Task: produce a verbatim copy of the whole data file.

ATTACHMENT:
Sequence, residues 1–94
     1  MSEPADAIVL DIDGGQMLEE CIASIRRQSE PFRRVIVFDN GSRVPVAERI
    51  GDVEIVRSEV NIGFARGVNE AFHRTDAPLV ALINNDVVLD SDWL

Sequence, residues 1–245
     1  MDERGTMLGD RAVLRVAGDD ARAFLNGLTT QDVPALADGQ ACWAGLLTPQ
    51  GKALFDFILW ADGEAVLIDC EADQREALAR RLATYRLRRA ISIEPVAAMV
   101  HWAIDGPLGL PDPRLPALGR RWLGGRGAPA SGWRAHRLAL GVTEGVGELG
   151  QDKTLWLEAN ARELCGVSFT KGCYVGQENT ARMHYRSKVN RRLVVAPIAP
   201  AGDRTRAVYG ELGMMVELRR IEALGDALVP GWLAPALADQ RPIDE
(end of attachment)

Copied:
Sequence, residues 1–94
     1  MSEPADAIVL DIDGGQMLEE CIASIRRQSE PFRRVIVFDN GSRVPVAERI
    51  GDVEIVRSEV NIGFARGVNE AFHRTDAPLV ALINNDVVLD SDWL

Sequence, residues 1–245
     1  MDERGTMLGD RAVLRVAGDD ARAFLNGLTT QDVPALADGQ ACWAGLLTPQ
    51  GKALFDFILW ADGEAVLIDC EADQREALAR RLATYRLRRA ISIEPVAAMV
   101  HWAIDGPLGL PDPRLPALGR RWLGGRGAPA SGWRAHRLAL GVTEGVGELG
   151  QDKTLWLEAN ARELCGVSFT KGCYVGQENT ARMHYRSKVN RRLVVAPIAP
   201  AGDRTRAVYG ELGMMVELRR IEALGDALVP GWLAPALADQ RPIDE